on my shelf
Books, books, books. During my nearly two-hour bus commute to an on-call librarian job, I have my nose in one. While at work, all these children come to me to find their favorite books for them, be they Rainbow Magic Fairy, Secrets of Droon, Geronimo Stilton, Twilight, Magic Schoolbus, Diary of a Wimpy Kid, or any number of other titles I haven’t read (but really need to, for the job).
I enjoy getting reader’s advisory requests, that is, when a patron wants me to recommend something like a mystery or a fantasy, with any number of qualifiers (“nothing negative!” “not too long!” “something with technology, like watch-making?”). I enjoy the unpredictability of their reactions to my suggestions– some folks are thrilled, some look at the book like it’s growing mold, some take it kindly and then leave it on a table later.
Lately I’ve been spending some time building a Library Thing account, which lets me make lists of different books by age group, subject category, specific issues represented, etc. Makes it easier to recommend stuff on the fly, and keep a handle on all the good books I see in the library but can’t possibly keep straight in my head.
And I really want to delve into some of this children’s fiction and get familiarized, but currently I have no less than six books that I am actively reading.
One is a goofy children’s nonfiction parody titled Giraffes? Giraffes!, published by McSweeney’s.
Four are food-related: Cookwise by Shirley Corriher, which explores the science of cooking processes and ingredients (think Alton Brown without the corny humor).
Beyond Bok Choy by Ross, which I’m reading to familiarize myself with the various types of Chinese veggies I now have at my disposal in San Francisco.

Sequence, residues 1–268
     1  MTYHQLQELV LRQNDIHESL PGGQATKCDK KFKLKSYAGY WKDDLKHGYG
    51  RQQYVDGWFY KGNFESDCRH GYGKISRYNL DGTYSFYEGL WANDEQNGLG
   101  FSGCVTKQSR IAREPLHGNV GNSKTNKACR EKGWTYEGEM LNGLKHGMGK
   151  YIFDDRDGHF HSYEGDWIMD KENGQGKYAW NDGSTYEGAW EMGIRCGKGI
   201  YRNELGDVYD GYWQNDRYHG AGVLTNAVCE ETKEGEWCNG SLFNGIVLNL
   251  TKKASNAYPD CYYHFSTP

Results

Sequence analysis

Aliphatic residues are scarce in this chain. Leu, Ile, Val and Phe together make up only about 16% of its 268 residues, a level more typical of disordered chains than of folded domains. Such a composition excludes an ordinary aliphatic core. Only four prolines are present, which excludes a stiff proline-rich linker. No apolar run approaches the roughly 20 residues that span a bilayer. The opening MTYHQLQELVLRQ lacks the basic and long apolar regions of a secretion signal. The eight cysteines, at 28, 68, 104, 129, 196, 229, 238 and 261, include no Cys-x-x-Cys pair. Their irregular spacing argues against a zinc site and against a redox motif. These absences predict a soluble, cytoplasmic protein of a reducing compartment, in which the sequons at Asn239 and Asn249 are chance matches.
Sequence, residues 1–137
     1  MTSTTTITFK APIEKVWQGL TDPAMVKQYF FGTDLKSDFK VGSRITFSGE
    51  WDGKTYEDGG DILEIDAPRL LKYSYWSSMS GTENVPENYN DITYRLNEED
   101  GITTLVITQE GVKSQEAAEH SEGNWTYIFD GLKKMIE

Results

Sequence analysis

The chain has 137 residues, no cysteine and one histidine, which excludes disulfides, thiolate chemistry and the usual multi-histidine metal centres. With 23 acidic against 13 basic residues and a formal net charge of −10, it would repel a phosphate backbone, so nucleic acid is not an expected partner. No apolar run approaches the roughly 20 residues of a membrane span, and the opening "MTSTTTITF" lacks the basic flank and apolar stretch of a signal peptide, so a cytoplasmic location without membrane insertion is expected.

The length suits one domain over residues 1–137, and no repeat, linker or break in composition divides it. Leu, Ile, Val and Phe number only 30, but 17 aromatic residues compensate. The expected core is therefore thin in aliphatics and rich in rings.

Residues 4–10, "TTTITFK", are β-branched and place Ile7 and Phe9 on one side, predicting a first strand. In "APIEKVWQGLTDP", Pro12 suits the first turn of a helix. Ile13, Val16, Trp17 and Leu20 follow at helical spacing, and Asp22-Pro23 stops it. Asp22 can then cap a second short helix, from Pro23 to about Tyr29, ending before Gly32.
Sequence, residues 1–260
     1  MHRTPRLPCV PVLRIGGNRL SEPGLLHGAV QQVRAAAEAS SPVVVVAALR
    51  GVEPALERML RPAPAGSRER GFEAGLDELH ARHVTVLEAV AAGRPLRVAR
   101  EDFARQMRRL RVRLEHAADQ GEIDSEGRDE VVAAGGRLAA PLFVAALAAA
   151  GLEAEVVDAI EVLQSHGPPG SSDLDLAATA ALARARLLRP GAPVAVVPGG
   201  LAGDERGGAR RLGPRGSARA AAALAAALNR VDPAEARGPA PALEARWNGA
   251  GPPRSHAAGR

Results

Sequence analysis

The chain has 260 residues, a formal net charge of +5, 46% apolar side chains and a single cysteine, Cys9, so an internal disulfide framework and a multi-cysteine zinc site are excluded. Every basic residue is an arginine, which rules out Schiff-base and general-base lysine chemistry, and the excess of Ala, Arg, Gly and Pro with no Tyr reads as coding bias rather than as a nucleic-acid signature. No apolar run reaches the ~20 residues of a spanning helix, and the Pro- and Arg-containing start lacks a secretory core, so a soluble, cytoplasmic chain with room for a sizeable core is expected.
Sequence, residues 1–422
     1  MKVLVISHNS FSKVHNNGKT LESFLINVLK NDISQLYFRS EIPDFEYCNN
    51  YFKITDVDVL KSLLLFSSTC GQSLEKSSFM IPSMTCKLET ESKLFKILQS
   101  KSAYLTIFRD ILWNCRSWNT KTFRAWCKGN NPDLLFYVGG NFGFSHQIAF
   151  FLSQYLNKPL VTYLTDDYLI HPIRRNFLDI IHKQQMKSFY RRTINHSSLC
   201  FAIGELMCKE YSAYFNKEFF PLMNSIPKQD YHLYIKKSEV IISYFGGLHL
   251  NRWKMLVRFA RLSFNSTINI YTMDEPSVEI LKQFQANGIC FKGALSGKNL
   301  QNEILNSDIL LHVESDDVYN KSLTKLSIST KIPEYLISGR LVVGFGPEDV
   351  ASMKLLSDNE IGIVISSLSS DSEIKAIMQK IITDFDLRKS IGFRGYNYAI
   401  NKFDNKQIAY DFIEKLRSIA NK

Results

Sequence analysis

James Peterson’s Sauces, lent to me by a friend, so that I can improve my sauce-making technique.
Best Food Writing 2008 (ed. Holly Hughes), which is chock full of mouth-watering articles. Read a good one on Szechuan Dan Dan noodles, which I have enjoyed at our favorite nearby restaurant: Spices II: Szechuan Trenz (yes, this restaurant is so badass it needed a subtitle).
But all of these are really just occasional reading, they take a backseat to the 900-page historical novel that has been kicking my eyes’ ass for the past month or so: Neal Stephenson’s Quicksilver, book one of the Baroque Cycle. I had previously only read Stephenson’s Snowcrash, which deftly managed to communicate BIG and interesting ideas while throwing down an action-packed story of mobsters, teenage skaters, thermonuclear terrorists, and katana-wielding computer hackers. So a good friend gave me Quicksilver, which is a definite shifting of gears for the writer.
I’m almost done with the book, and so far find it to be a pretty absorbing epic tale, spanning the late 1600s and early 1700s and various major shifts going on at the time, such as the Scientific Revolution (birth of scientific method of inquiry?) and Glorious Revolution (death of Catholic-ruled Absolute monarchy in England?). The tale is told through the eyes of three different characters, a Natural Philosopher (scientist), a rowdy vagabond (going mad from syphilis), and a financially precocious woman (ex-harem slave) who becomes a spy and tool used by the nobility of several nations.
The book (just the first of three) contains too much for me to really try and summarize. While it’s engrossing and thought-provoking in the extreme, it’s also frustrating at times, because of Stephenson’s frequent stylistic inconsistencies and flourishes. Now and then I read scenes that seem completely irrelevant and boring, but I never know if they will bear importance somewhere 1500 pages on in the Cycle. But at least I know I’m in the hands of a truly creative author. My gifting friend has instructed me to read Stephenson’s Cryptonomicon next (which apparently ties into descendant characters and themes in the 20th century), and then to move on to the next two books in the Baroque Cycle. As a librarian, it’s fun to hand the reigns over to someone else who will tell me what to read next.